Promised Words

Promised Words

By Ingrid Gnerlich

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In the early morning, before my 2-year-old and 7-year-old wake up, I sneak down the creaky stairs, swinging slightly on the bannisters to keep my weight from announcing my descent. My younger child seems to have impossibly sensitive hearing, and so I crunch my granola on the couch as quietly as possible, while I begin work-related email and reading. When the kids wake, it will be my “shift” with them until about 1pm, after which it will be my husband’s (who is also working full time from home during our household lockdown). Breakfast preparations, vacuuming up crumbs, dishes, laundry, simultaneous home schooling activities and toddler-sitting, lunch preparations, and more dishes all await. Then, it will be my time for work until 6pm. Then kids’ dinner, children to bed, adults’ dinner, dishes galore (again), and then sleep.

In these dark and quiet morning moments, I think of my partners in making new books: authors. In a time of lockdown, there is something deeply hopeful and reassuring about the practice of making plans to publish new books in the months and years to come. But, at this particular point in time, I have the impression that I am seeing quite a lot of book-writing activity amongst a certain demographic of authors—those who I imagine naturally have more time now, during the lockdown, than before. (This impression echoes those of other publishing editors, described in articles such as this one.) I am very glad to receive the proposals I am being sent (thank you and keep them coming!). But, I do worry about the proposals that I am not seeing, from authors who are struggling—who may also be up early in the morning to get some work done, or who stayed up very late the night before, or who didn’t succeed at doing either because they were just too worn out. If you see yourself in some ways reflected in the scenario above, if you’re frustrated by the conflicting demands on your time and energy and your ability to focus on creative, intellectual work, I just want to say: I’m thinking of you, and I understand.

Of course, we are in many ways very, very lucky. To continue to have work during the pandemic, to have flexibility as we juggle family commitments, to have more time with family in a time of such great uncertainty… These are just a few things that fill me with gratitude, and I imagine the same is true for you. In light of the bigger picture—the suffering, injustice, fear and anger convulsing our communities all over the world—it may seem petty, even downright wrong, to focus on the above frustrations. But, when ideas are at the heart of one’s livelihood, it is difficult to be prevented from exploring and articulating them—especially when your career depends on it, when you see your contemporaries rush ahead, when others are enabled, while you are hobbled, for reasons beyond your control.

One particular difficulty is the increasingly sharp feeling of unfulfilled promise. The feeling of having an idea, but no time to explore it. Of needing more knowledge to advance one’s thinking and work, but being compelled to choose rest over reading deeper into the night. Of wanting to take a step forward in a new direction, but feeling locked into a stationary cycle. Of having words, but no energy to conjure meaning, no voice to express them. Simultaneously, the ever-evolving newsreel heightens one’s sense of existential risk and urgency. Now is the time to do the things one envisioned one would do with one’s life, say what one needs to say. The feeling of unfulfilled promise expands again. Others who are not in the same situation, who are able to work from home without as many obstacles and distractions, move ahead, write, and speak out. In the harsh light of comparison and perhaps even harsher self-judgment, one’s sense of uneasiness increases even further.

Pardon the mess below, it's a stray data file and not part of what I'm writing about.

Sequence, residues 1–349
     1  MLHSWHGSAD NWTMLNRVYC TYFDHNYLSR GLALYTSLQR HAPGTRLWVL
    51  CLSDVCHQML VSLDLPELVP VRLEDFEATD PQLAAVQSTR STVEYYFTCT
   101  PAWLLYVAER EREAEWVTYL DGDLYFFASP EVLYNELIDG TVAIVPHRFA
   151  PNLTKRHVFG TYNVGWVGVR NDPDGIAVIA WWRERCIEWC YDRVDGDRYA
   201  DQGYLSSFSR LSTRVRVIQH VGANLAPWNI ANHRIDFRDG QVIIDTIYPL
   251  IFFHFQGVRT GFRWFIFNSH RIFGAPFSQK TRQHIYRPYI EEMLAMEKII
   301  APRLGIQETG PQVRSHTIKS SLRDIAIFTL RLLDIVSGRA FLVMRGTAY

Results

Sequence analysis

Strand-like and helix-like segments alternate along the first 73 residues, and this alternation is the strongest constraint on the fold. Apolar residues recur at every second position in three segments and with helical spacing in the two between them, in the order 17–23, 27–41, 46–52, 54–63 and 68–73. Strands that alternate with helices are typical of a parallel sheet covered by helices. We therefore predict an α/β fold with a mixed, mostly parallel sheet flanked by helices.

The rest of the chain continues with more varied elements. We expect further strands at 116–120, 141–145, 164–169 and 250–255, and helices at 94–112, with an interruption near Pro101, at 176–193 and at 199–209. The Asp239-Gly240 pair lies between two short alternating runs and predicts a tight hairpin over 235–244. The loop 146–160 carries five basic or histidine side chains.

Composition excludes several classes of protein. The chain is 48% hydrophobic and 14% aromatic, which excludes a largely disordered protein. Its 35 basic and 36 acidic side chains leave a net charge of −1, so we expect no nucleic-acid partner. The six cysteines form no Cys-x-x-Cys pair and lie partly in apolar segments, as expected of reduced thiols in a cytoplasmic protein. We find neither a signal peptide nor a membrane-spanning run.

Yet another insidious feeling that follows in the wake of the above is that, in spite of the difficulties inherent to finding time for extended focus while in lockdown with another working parent and 2 young children, one should not let others know. I suspect that this is a feeling that is quite prevalent among women. The narrative runs deep that a professional woman should never give the impression that her family will interfere with her attention to her work and her ability to advance in her career. And so, in spite of a toddler’s insatiable desire to put his scooter on the coffee table or climb the bookshelf, I (and perhaps you) still often assume (and also believe others should go on assuming) that you can do all that you otherwise “normally” would (that is to say, without said toddler in enthusiastic attendance). There is a sense of needing to keep the situation under wraps—almost as if confessing to the reality will make it even more real, more overwhelming. That saying too much will chase away the promise of the future… That the promised words, the ideas that you want and need to express, will recede farther from the tips of your fingers until, eventually, you will be incapable of ever capturing them. And so, another layer of silence is spread overtop of the first.

It seems strange that such a sensibility—the mute restlessness of unarticulated words, words from one’s mind that don’t yet exist in black and white on a page—can weigh on one so. There are far greater, pressing concerns. Yet, as I imagine that I’m not alone in experiencing variations on this difficult state of mind, I felt compelled to break the silence, to call out to those of you who are feeling tired, conflicted, mute—to those who feel the promise of words, but have not yet been able to make good on that promise. I’m with you.